Eagle Scout is the highest attainable rank within the Boy Scouts of America organization, and it requires years of hard work, dedication, and leadership. Among other achievements, scouts must progress through seven different ranks, earn 21 merit badges, and organize an extensive service project in their communities. No wonder only eight percent of all scouts obtained Eagle status in 2019! After more than a decade of commitment to Boy Scouts of America, Brebeuf Jesuit senior Colton Jung joined that eight percent and became an Eagle Scout, himself. What an amazing accomplishment!

You recently became an Eagle Scout. Can you tell us a bit about the process to become an Eagle Scout?

The process of becoming an Eagle Scout is a long journey that requires much dedication from a scout. There is a progression of ranks that test your skills and abilities, as well as a variety of required and optional merit badges that either further your knowledge on a skill or teaches you something new. For the final rank of eagle, you must remain active for an additional 6 months, hold a leadership position, complete merit badges, pass a board of review, and the most notable Eagle Scout project. I crossed over from cub scouts to boy scouts at 11 years old, so my path to this final rank began while I was in fifth grade and was completed the summer going into my senior year.

Tell us about your Eagle Scout project.

My Eagle Scout project is the culmination of over two years of planning and preparation. After long discussions and many back-and-forth conversations, we landed on what the project would finally be. I wanted to provide something that was usable and maintainable for the school and church members. The final decision was an outdoor circular grotto/prayer space located in a central and visible part of the campus.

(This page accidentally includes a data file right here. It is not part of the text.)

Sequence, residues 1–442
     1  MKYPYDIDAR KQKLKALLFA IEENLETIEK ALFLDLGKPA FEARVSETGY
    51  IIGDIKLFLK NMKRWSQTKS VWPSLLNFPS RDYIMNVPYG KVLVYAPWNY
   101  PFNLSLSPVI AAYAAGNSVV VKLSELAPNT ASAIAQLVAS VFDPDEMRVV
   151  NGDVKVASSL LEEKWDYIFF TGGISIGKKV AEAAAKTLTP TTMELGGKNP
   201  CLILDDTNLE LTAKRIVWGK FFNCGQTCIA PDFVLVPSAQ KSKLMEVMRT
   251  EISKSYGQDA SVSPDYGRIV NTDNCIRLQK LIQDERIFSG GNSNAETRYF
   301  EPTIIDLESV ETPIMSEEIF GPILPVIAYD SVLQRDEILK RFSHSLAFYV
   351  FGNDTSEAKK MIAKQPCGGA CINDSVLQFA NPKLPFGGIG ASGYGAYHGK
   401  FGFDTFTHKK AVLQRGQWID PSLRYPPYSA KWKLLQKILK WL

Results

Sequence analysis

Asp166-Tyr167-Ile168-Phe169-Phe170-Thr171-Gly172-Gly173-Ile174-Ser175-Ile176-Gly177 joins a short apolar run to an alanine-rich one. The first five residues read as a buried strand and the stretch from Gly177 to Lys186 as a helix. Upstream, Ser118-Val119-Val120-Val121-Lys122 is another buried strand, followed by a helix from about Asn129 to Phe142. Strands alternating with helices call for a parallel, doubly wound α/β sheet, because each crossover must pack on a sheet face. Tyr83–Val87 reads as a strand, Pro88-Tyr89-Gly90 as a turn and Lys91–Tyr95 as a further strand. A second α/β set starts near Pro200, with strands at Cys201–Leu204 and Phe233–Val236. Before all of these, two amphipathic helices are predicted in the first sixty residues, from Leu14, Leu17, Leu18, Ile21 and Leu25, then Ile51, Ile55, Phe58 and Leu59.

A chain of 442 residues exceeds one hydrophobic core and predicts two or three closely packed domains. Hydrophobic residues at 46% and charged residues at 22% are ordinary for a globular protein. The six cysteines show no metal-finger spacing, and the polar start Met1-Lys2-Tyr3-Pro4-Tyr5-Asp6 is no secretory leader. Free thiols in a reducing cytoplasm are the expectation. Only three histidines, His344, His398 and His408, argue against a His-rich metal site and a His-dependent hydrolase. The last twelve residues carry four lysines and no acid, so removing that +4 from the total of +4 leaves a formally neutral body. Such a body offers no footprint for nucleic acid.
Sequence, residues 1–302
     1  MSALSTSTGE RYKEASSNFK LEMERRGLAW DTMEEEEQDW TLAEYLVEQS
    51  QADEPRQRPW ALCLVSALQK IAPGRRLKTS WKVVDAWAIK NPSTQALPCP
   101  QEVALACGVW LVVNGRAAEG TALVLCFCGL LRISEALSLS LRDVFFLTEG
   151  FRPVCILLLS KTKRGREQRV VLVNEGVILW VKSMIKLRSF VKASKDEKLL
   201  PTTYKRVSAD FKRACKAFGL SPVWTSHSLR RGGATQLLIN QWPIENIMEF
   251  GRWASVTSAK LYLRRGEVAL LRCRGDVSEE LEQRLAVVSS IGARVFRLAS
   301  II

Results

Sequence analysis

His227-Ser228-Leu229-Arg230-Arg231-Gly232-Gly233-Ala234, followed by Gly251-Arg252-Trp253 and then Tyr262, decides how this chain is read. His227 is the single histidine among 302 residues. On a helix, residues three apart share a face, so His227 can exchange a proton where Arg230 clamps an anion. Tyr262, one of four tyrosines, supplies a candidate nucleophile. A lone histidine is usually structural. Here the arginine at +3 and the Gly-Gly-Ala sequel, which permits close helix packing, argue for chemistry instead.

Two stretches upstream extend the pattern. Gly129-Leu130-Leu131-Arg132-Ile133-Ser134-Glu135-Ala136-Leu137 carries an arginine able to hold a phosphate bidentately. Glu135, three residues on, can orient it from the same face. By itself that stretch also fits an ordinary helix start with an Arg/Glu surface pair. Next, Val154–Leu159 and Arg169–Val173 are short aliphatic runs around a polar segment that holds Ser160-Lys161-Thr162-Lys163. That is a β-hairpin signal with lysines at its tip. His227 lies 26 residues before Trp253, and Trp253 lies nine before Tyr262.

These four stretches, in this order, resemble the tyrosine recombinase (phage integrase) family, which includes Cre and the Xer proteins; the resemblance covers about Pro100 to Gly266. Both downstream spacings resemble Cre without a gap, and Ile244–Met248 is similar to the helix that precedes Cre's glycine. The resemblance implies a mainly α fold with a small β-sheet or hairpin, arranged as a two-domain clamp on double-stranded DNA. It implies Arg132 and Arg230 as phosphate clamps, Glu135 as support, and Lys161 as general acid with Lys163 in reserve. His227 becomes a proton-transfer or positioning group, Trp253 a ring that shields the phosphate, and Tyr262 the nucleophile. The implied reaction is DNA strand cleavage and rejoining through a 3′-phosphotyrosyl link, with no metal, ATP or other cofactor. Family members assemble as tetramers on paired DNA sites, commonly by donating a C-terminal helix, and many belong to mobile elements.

What made you choose this specific project?

I wanted to be able to give back to the school I attended for nine years of my life, and to the parish community of my church. I figured the best way to do this would be to provide an outdoor prayer space located in a central spot of the property. This was something that I always wished was there while I attended the school for nine years, so I decided that I should provide that for the years of students to follow me.

What are you most proud of after completing your project and becoming an Eagle Scout?

It sounds tacky, but I am most proud of myself, and finally completing the journey. I began scouting in first grade, and it has been my goal since then to reach the rank of Eagle Scout. The Eagle Scout Project is intended to be a culmination of all the skills taught in scouting, and the end result is left as a testament to the scout. I am proud of the end result, and I feel that it is a strong testament to my time and dedication to scouting.

How do you hope your project will affect your church/K-8 school and local community?

I hope that my project will provide a space for students, staff, and parishioners of Our Lady of Grace to gather, learn, and pray outside of the traditional spaces such as classrooms, meeting rooms, and the church and chapel.